Pain may be the only symptom these vulnerable patients have — and yet, ironically, they seek the kind of treatment most likely to cause much greater harm.
And yet pain is increasingly ignored these days because the assumption is that a persistent pain is “just” chronic pain, which is “just” a mental construct.
Patients complaining of “only pain” are simply told they must learn to live with it and are shunted off to various “alternative” treatments, which are exactly what can dramatically worsen this situation.
Both patient or chiropractor may not realize the nature of the pain until it’s too late.
Experts actually mostly agree on this topic. Even chiropractic authorities acknowledge that “there are considerable case studies describing the onset of vertebral artery injury following a manipulation.”
Massage therapy for the neck, at least, is less dangerous and probably more beneficial — at the very least, it can be pleasant and relaxing. As long as a loose vertebrae is not disturbed!
Just as with my barber’s massage therapist, the dismissive attitude that chiropractors sometimes have about these hazards can be quite disturbing.
Consider this story that I came across not long after hearing my barber’s story. Please note that this anecdote was originally published by a chiropractor:
Following manipulation the patient said, “Oh, that was awful, something terrible has happened to me. That’s awful. Let me up. I don’t want anymore; I can’t stand anymore.”
The chiropractor then said “you will be all right. Let me get this other one.” The patient then said “I have had enough, don’t, stop.” The chiropractor continued to manipulate the patient.
Immediately following the adjustment she was unable to walk, her vision was impaired, she vomited, and she had a partial paralysis of the throat and vocal cords.
~ Vertebrobasilar stroke following manipulation, by A Terrett
Why did my barber’s therapist fail?
My barber’s therapist probably failed because he was, like most massage therapists, simply not well-trained enough to know any better, despite the unusually high certification standards for massage therapist in this part of the world.
When starting to treat someone with AAI, an alert therapist should sense that something is not right: they will notice an ominous combination of case history clues, perhaps combined with unusually guarded movement of the neck and high tone in the neck muscles. Once that concern is triggered, a therapist must switch into better-safe-than-sorry mode.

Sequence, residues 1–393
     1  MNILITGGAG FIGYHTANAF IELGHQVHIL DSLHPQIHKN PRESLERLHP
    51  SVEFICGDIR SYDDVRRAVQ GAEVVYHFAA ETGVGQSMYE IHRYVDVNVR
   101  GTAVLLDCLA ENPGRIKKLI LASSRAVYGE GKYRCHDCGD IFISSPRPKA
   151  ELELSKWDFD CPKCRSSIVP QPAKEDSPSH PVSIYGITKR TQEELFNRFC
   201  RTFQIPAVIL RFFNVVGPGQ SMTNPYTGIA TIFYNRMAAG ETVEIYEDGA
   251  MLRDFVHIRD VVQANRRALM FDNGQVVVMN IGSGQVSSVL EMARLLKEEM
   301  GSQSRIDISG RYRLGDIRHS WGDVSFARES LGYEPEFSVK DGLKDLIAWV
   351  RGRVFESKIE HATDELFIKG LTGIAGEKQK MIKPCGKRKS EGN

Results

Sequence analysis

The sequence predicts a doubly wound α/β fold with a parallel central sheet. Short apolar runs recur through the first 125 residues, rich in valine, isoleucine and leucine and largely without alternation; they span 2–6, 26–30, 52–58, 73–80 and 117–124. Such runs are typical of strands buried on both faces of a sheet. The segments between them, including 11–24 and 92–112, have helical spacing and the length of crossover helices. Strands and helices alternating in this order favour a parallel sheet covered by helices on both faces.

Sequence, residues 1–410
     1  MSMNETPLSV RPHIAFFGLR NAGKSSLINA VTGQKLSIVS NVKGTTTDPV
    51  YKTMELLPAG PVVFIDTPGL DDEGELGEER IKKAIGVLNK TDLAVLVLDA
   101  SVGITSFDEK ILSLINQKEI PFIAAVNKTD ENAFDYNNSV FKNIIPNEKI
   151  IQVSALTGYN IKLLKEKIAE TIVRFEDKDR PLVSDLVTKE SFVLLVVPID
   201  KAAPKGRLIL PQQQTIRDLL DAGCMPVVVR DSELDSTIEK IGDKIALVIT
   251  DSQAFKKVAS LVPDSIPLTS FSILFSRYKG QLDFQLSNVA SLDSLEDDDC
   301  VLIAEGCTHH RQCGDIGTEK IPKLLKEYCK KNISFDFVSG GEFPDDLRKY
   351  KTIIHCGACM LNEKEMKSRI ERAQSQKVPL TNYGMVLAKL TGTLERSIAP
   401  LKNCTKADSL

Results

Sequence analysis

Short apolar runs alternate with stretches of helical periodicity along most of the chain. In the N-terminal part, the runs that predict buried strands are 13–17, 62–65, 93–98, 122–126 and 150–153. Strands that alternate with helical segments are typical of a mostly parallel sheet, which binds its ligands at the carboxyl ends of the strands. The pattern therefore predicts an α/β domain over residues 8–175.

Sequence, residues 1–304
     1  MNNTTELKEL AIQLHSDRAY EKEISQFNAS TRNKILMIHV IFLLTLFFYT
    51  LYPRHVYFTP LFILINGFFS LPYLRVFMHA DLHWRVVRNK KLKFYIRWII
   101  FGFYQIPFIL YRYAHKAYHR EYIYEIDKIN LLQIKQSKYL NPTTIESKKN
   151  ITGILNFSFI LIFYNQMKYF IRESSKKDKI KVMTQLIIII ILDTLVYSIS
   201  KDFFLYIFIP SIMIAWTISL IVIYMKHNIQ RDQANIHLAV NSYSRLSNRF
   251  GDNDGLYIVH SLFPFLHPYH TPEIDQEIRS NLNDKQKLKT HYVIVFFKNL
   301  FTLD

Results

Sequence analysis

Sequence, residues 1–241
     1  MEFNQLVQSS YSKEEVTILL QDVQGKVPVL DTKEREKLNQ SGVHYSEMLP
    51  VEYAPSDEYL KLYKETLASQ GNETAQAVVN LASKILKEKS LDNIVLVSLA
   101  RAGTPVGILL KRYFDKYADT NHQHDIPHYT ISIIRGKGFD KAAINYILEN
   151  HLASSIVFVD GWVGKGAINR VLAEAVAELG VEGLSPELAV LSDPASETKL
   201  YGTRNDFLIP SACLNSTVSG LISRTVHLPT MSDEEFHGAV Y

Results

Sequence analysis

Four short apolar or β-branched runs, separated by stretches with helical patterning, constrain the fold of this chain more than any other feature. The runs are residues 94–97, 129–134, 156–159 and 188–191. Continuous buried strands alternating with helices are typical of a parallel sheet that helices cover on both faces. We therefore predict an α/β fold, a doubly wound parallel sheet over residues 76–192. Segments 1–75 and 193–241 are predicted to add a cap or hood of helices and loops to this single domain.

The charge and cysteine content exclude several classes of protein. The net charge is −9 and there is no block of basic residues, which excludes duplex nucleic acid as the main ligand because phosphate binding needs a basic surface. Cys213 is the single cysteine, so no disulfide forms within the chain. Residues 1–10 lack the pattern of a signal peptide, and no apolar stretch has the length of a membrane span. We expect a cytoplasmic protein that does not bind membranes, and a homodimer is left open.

The unforgiveable failure in my barber’s case was what he was told by his therapist after reporting a nasty negative reaction.
Why would a Registered Massage Therapist brush off such severe consequences of a treatment? I leave it to your imagination, with the reminder that not everyone can graduate at the top of the class, and someone has to graduate at the bottom.
Good and bad signs when you’re getting therapy:
GOOD signs BAD signs Case history form No case history form (very bad sign) Detailed interview No interview or minimal interview (another very bad sign) Relaxed and comfortable asking you questions No physical assessment (not necessarily a big deal, but still questionable) Some kind of physical assessment, even if the issue seems simple Treatment is immediately intense Treatment is cautious and conservative initially, and never causes wincing or gasping or gritting of teeth Treatment intensity is hard to cope with Therapist focus is initially broad, checking in with the whole body Therapist doesn’t ask how you’re doing, or ask for information about your experience of the treatment Therapist communicates with you and asks for feedback about sensations, especially in the first appointment Therapist ignores basic comforts such as temperature, volume of the music, positioning on the table, etc. Therapist shows obvious concern for your comfort with the experience in general Narrow treatment focus (zooms in immediately on the problem area and pays no attention to anything else) Therapist explains things to you clearly pseudoscientific buzzwords and excessively flaky explanations Explanations sound sensible to you Or, even worse, no explanations at all No pressure to rebook, just a prognosis and a range of options to choose from Pressure to rebook
About Paul Ingraham
I am a science writer, former massage therapist, and I was the assistant editor at ScienceBasedMedicine.org for several years. I have had my share of injuries and pain challenges as a runner and ultimate player. My wife and I live in downtown Vancouver, Canada. See my full bio and qualifications, or my blog, Writerly. You might run into me on Facebook or Twitter.